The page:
Prospective Single-Arm Phase 1 and 2 Study: Ipilimumab and Nivolumab With Thoracic Radiation Therapy After Platinum Chemotherapy in Extensive-Stage Small Cell Lung Cancer.

Journal Article (Journal Article)

PURPOSE: Consolidative thoracic radiation therapy (TRT) has been shown to improve outcomes for patients with extensive stage small cell lung cancer. We hypothesized that the addition of ipilimumab (IPI) and nivolumab (NIVO) after TRT would improve outcomes for patients with extensive stage small cell lung cancer. METHODS AND MATERIALS: Eligibility required stable disease or better after platinum doublet chemotherapy. Study therapy included consolidative TRT to 30 Gy in 10 fractions, targeting residual primary tumor and initially involved regional lymph nodes. Two weeks after TRT, patients received concurrent IPI (3 mg/kg) and NIVO (1 mg/kg) every 3 weeks for 4 doses followed by NIVO monotherapy (480 mg) every 4 weeks until progression or up to 1 year. RESULTS: The study enrolled 21 patients, with 6-month progression-free survival (PFS) of 24% (90% confidence interval [CI], 11%-40%) and a median PFS of 4.5 months (95% CI, 2.7%-4.6%). The 12-month overall survival (OS) was 48% (95% CI, 29%-64%) with a median OS of 11.7 months (95% CI, 4.7%-16.0%). Fifty-two percent of patients had ≥1 possibly related grade 3 to 4 immune-related adverse event. Grade 3 pulmonary and gastrointestinal immune-related adverse events were recorded in 19% and 24% of patients, respectively. Exploratory analysis showed increased cytotoxic T cell (CD3+CD8+) tumor infiltration was associated with favorable PFS (P = .01) and OS (P = .02). Reduction in peripheral blood CD3+CD8+ from baseline to after first dose of IPI/NIVO was associated with improved PFS (P = .02) and OS (P = .02). CONCLUSIONS: Consolidative IPI and NIVO after platinum-based chemotherapy and TRT demonstrated a toxicity profile consistent with the known adverse events attributable to IPI and NIVO. Although the study regimen did not significantly improve PFS, the OS was higher than historic expectations. CD3+CD8+ tumor infiltration and migration may identify patients most likely to have improved outcomes in small cell lung cancer.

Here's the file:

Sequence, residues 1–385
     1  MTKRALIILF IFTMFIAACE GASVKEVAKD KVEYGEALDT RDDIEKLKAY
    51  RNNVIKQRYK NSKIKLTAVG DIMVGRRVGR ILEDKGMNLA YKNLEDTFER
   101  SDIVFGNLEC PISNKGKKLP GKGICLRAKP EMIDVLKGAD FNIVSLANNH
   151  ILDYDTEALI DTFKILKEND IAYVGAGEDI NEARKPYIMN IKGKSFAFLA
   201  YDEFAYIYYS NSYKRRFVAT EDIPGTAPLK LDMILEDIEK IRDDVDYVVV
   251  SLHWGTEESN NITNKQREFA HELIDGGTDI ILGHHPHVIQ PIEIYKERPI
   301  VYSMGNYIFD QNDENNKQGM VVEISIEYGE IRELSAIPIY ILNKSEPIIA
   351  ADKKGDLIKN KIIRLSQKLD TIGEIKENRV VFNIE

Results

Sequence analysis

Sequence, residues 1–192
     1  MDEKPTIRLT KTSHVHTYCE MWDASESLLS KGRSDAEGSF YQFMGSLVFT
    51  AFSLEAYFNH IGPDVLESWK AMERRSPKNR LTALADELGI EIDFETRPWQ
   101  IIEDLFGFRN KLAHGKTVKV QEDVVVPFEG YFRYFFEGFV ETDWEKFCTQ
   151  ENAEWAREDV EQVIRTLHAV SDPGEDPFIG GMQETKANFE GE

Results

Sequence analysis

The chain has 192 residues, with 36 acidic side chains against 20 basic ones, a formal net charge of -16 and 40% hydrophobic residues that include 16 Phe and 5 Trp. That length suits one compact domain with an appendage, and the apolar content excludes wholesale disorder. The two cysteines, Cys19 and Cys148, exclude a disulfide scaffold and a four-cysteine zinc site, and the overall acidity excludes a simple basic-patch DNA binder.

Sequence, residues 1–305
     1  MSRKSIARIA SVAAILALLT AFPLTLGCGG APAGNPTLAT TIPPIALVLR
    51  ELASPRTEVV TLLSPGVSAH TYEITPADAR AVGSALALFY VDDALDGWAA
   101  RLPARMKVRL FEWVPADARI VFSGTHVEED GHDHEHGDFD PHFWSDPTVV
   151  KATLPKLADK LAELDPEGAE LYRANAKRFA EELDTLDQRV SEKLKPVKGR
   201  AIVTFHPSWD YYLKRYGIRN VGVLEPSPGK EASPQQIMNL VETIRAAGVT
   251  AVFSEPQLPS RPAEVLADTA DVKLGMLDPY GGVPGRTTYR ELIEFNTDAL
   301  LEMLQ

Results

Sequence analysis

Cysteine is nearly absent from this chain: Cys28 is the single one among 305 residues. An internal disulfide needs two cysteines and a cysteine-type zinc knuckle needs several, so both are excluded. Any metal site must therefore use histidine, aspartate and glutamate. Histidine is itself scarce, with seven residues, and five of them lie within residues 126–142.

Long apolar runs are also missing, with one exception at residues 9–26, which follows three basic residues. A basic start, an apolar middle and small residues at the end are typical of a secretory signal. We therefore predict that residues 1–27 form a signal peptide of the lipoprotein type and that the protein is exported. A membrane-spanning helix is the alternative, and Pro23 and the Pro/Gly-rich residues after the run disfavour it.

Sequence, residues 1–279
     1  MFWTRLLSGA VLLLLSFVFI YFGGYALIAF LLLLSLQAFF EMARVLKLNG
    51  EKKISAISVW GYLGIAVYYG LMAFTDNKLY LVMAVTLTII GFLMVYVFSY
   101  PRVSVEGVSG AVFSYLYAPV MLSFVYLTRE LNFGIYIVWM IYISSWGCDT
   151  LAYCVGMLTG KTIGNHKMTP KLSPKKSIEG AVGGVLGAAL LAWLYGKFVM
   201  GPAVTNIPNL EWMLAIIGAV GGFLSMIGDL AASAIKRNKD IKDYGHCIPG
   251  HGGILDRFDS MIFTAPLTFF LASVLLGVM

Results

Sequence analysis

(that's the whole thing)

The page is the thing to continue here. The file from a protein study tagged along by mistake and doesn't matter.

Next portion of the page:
Full Text

Duke Authors

Cited Authors

  • Perez, BA; Kim, S; Wang, M; Karimi, AM; Powell, C; Li, J; Dilling, TJ; Chiappori, A; Latifi, K; Rose, T; Lannon, A; MacMillan, G; Saller, J; Grass, GD; Rosenberg, S; Gray, J; Haura, E; Creelan, B; Tanvetyanon, T; Saltos, A; Shafique, M; Boyle, TA; Schell, MJ; Conejo-Garcia, JR; Antonia, SJ

Published Date

  • February 1, 2021

Published In

Volume / Issue

  • 109 / 2

Start / End Page

  • 425 - 435

PubMed ID

  • 33002543

Pubmed Central ID

  • PMC8465780

Electronic International Standard Serial Number (EISSN)

  • 1879-355X

Digital Object Identifier (DOI)

  • 10.1016/j.ijrobp.2020.09.031


  • eng

Conference Location

  • United States